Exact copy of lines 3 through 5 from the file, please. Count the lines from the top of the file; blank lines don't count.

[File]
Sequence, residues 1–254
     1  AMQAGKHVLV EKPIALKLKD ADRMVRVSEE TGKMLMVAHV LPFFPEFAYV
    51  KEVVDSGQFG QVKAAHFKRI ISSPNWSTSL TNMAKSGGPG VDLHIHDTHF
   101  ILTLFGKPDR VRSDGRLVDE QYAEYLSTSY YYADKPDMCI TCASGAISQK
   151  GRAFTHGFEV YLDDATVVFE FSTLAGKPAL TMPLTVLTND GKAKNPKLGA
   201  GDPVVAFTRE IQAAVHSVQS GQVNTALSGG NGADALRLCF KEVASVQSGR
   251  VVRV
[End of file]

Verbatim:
    51  KEVVDSGQFG QVKAAHFKRI ISSPNWSTSL TNMAKSGGPG VDLHIHDTHF
   101  ILTLFGKPDR VRSDGRLVDE QYAEYLSTSY YYADKPDMCI TCASGAISQK
   151  GRAFTHGFEV YLDDATVVFE FSTLAGKPAL TMPLTVLTND GKAKNPKLGA